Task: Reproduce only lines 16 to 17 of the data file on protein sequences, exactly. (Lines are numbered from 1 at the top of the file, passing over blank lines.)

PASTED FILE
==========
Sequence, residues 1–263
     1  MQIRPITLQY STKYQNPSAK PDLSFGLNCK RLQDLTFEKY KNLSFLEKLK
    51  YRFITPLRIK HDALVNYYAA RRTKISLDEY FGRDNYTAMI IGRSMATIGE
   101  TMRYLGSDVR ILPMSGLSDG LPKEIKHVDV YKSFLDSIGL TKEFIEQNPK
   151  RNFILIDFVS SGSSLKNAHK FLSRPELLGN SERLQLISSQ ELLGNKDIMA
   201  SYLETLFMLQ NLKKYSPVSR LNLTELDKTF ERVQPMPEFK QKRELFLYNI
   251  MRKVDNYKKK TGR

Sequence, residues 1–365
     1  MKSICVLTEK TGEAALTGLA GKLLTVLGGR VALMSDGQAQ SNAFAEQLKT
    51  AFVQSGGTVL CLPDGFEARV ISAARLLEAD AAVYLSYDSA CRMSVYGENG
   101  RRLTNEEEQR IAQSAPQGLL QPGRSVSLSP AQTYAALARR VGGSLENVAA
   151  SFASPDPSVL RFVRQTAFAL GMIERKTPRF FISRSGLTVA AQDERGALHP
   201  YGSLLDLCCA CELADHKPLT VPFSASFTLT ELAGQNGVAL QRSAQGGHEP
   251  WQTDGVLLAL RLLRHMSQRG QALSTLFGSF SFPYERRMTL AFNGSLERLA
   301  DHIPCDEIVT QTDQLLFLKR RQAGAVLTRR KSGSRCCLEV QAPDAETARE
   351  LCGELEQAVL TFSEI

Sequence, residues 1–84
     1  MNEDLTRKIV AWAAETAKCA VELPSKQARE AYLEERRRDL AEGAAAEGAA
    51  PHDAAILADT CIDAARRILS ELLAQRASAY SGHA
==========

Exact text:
   351  LCGELEQAVL TFSEI

Sequence, residues 1–84